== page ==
A new upcycling machine turns waste fabric into building materials
Waste is a problem the world over; on every continent, leaders and activists are trying to change the way in which we create and recycle our waste products. Although there are challenges for inner cities, recycling in remote areas becomes even more difficult; however, Chinese company Miniwiz believes it has developed technology that solves the problem.
Enter the action hero
Miniwiz launched its Trashpresso mobile recycling unit on Earth Day 2017 (22 April). Joined by action hero Jackie Chan, the event was captured by National Geographic in its feature on the actor and his environmental activism.
The Trashpresso is the same size as a standard shipping container – 40 feet long – and can be transported by tractor trailer from location to location. It is this portability that makes Trashpresso truly innovative, taking recycling away from industrial units to where it is most needed.
Solar panels on the exterior self-power the unit, which recycles plastic and fabric waste. Using a process that involves washing, melting and moulding, the Trashpresso converts waste into hexagonal plastic tiles at a rate of over 10 square feet every 40 minutes. These tiles can be used in both indoor and outdoor applications.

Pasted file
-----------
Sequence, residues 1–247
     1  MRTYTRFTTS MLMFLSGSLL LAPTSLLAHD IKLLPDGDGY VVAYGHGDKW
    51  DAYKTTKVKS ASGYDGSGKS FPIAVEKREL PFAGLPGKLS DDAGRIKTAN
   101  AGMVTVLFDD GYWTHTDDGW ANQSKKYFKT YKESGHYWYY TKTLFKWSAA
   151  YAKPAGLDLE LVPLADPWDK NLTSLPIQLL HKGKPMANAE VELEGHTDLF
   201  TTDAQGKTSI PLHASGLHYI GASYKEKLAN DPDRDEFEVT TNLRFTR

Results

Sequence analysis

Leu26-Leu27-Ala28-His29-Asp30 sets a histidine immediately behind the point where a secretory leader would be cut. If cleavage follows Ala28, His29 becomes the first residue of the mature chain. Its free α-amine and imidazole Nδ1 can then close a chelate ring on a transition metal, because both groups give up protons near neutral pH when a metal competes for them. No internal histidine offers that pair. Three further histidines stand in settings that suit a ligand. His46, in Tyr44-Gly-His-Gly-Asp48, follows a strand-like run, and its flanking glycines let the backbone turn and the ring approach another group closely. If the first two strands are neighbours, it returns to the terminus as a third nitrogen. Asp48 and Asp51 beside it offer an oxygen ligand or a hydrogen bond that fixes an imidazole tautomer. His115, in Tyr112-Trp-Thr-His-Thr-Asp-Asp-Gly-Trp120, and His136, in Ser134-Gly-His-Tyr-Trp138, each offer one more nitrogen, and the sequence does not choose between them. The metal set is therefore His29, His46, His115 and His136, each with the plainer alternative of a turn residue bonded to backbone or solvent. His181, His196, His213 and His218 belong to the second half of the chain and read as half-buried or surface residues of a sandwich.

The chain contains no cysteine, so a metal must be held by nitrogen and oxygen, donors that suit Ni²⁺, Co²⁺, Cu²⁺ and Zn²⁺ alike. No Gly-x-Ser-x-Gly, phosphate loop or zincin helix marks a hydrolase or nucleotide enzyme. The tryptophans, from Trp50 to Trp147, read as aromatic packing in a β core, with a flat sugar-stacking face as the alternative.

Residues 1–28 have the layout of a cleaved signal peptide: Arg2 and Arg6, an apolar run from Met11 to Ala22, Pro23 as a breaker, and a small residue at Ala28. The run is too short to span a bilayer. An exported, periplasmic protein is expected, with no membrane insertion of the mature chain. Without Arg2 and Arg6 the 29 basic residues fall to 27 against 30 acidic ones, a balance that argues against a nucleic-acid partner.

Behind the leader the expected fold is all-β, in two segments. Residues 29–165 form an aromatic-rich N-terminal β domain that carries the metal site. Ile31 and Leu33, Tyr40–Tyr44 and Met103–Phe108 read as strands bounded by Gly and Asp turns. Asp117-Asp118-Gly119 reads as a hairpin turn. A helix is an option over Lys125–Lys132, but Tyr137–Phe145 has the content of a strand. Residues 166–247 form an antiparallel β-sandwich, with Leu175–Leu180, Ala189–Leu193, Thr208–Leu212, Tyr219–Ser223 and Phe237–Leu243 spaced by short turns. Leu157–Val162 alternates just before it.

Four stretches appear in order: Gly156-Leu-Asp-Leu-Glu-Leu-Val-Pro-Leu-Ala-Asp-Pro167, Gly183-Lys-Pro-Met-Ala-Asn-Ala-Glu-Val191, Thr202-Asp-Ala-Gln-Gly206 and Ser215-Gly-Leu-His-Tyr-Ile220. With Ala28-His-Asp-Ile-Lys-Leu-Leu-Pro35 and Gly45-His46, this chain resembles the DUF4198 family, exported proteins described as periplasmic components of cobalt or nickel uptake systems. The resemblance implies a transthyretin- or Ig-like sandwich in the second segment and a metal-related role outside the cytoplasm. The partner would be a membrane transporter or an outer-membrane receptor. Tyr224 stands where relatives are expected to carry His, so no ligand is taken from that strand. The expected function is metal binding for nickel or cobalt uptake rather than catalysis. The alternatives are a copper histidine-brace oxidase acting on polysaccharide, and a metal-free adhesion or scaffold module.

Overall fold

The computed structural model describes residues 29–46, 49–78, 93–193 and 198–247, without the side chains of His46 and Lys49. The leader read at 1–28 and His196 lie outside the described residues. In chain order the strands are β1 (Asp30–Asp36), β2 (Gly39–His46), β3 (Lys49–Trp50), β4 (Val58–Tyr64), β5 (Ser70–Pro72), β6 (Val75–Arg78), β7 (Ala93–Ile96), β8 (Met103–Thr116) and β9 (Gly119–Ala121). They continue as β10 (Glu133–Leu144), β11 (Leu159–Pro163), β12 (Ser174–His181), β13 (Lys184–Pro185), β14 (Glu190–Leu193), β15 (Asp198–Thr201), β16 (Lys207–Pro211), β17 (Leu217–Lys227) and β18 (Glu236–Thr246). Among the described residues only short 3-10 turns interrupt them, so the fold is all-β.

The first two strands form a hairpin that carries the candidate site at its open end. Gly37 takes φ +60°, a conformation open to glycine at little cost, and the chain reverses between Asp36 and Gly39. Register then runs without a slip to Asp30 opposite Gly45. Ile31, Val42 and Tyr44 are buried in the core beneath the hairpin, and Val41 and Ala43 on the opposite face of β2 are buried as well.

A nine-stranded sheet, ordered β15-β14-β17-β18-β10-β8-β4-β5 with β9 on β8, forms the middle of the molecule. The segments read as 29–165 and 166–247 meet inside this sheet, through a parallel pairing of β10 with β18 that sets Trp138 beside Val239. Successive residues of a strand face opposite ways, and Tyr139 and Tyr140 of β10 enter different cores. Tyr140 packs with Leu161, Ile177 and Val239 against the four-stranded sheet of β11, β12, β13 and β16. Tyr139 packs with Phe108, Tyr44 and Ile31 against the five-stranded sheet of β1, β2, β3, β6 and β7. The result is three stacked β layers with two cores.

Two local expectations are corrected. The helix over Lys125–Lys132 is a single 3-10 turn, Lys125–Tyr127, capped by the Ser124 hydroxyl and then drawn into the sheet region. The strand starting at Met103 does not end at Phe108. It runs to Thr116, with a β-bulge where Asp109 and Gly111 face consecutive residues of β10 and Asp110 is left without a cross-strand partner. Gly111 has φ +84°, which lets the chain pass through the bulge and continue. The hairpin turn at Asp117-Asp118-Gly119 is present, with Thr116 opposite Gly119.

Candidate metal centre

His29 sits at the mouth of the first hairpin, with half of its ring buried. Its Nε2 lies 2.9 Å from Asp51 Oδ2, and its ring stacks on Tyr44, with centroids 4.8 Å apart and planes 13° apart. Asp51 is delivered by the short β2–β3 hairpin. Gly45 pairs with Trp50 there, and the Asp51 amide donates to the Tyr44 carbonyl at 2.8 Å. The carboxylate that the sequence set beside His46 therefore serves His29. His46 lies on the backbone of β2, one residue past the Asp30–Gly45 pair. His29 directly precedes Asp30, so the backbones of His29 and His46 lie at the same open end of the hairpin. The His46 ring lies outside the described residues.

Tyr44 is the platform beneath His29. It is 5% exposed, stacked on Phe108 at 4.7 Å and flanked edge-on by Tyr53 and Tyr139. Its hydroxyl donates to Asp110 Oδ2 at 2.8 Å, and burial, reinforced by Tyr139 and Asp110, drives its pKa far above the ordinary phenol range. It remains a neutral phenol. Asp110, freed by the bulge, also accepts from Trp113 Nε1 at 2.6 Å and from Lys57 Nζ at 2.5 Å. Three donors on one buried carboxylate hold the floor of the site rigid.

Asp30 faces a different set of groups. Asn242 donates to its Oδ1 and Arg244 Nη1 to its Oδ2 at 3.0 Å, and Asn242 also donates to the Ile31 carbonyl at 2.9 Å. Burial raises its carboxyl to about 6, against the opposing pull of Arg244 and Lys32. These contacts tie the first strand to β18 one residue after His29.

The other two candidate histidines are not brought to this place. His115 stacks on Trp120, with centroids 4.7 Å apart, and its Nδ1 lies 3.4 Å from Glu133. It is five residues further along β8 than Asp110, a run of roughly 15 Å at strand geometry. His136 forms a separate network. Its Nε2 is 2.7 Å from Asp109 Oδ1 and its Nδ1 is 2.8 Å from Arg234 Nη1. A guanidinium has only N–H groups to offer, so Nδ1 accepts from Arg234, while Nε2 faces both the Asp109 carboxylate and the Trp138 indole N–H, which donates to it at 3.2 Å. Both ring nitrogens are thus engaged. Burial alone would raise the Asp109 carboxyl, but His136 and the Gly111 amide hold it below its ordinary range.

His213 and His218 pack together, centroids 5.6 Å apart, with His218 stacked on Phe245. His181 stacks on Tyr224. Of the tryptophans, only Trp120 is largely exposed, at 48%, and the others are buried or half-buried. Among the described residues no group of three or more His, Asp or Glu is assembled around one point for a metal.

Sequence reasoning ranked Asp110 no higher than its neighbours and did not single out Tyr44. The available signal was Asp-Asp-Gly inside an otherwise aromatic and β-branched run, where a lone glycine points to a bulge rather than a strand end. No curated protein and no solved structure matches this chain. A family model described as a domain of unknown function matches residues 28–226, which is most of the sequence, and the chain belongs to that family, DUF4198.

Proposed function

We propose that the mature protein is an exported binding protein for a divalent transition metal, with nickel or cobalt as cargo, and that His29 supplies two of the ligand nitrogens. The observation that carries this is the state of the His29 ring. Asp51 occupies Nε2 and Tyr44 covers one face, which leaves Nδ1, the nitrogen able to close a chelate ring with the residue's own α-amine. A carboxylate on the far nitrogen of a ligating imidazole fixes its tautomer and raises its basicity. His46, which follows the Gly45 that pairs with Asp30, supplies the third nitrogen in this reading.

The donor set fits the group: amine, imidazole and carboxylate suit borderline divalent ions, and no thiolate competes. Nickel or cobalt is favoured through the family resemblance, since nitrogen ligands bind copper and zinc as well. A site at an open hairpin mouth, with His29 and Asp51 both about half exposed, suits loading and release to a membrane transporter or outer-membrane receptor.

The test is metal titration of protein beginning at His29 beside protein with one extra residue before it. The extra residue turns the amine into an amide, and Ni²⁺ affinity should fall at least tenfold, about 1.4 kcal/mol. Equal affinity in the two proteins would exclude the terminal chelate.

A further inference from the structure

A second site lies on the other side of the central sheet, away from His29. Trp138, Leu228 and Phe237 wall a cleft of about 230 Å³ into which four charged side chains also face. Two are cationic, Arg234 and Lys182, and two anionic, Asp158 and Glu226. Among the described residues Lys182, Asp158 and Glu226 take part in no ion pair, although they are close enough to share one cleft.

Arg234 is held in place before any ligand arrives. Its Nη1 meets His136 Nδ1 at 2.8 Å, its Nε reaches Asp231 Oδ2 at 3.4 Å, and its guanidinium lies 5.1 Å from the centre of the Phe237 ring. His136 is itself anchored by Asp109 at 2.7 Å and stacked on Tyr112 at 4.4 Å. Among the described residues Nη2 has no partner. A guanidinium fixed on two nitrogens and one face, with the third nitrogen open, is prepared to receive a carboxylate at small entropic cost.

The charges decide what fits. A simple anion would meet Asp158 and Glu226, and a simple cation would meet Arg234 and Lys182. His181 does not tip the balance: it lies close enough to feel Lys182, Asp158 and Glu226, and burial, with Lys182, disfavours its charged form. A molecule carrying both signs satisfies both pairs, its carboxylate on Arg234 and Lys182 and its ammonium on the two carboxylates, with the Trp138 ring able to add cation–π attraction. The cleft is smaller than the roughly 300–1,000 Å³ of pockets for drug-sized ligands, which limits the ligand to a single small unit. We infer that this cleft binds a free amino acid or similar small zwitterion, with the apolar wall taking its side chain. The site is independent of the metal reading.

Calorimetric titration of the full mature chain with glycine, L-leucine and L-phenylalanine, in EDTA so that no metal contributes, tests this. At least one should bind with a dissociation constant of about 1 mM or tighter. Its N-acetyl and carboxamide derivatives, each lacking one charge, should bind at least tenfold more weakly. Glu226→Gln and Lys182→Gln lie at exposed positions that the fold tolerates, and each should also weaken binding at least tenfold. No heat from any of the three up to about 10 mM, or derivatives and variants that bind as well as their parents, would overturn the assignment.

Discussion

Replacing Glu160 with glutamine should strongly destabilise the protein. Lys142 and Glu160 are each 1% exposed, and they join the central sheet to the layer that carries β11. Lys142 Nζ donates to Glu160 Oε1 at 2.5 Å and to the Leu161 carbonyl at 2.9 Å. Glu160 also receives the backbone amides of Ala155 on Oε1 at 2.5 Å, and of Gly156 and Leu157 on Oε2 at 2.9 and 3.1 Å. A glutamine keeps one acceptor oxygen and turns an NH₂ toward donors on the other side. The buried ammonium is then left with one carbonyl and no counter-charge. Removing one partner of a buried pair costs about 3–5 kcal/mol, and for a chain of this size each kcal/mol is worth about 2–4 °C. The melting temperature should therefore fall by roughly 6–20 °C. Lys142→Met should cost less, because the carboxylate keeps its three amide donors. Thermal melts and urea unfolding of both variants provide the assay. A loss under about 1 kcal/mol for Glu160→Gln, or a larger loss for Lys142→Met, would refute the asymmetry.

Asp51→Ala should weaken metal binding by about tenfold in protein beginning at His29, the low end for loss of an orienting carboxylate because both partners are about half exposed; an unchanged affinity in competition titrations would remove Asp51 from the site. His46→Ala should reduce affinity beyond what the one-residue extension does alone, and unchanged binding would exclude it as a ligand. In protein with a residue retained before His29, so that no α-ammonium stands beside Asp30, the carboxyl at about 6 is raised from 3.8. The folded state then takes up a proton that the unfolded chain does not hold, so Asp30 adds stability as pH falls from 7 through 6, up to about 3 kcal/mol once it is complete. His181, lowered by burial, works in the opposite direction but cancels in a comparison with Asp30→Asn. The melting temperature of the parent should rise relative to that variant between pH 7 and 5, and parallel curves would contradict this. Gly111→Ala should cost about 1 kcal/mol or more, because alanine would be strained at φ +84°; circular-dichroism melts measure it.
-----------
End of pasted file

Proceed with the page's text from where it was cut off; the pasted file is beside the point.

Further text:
It is not only the materials that get recycled – the water that Trashpresso uses is also recycled and re-used, giving the unit very impressive environmental credentials.
The use of recycled and recyclable materials is on the increase as countries worldwide try to meet ambitious targets. Whether empty plastic bottle of water or the school canopies your children shelter under, manufacturers are increasingly looking to improve the materials they use; for example, companies such as http://signaturestructures.com/school-canopies/ construct their school canopies from PVC material, which is fully recyclable. It is reassuring to know that today’s PVC could become tomorrow’s floor tiles thanks to the technology Miniwiz has developed.
Businesses that tackle recycling are also on the increase in the UK, with a feature in the Guardian exploring some recent initiatives to tackle global warming and turn a profit.
Although these UK-based initiatives may not have the athletic Jackie Chan to back them, they are still worthy of interest. The technology being developed by Miniwiz and others across the world may well be our best hope in tackling climate change.